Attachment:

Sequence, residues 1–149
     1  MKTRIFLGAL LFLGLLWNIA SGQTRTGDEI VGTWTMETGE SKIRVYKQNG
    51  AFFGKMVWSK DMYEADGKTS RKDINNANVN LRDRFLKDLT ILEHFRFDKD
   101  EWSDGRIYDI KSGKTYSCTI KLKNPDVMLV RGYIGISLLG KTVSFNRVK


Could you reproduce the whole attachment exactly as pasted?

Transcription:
Sequence, residues 1–149
     1  MKTRIFLGAL LFLGLLWNIA SGQTRTGDEI VGTWTMETGE SKIRVYKQNG
    51  AFFGKMVWSK DMYEADGKTS RKDINNANVN LRDRFLKDLT ILEHFRFDKD
   101  EWSDGRIYDI KSGKTYSCTI KLKNPDVMLV RGYIGISLLG KTVSFNRVK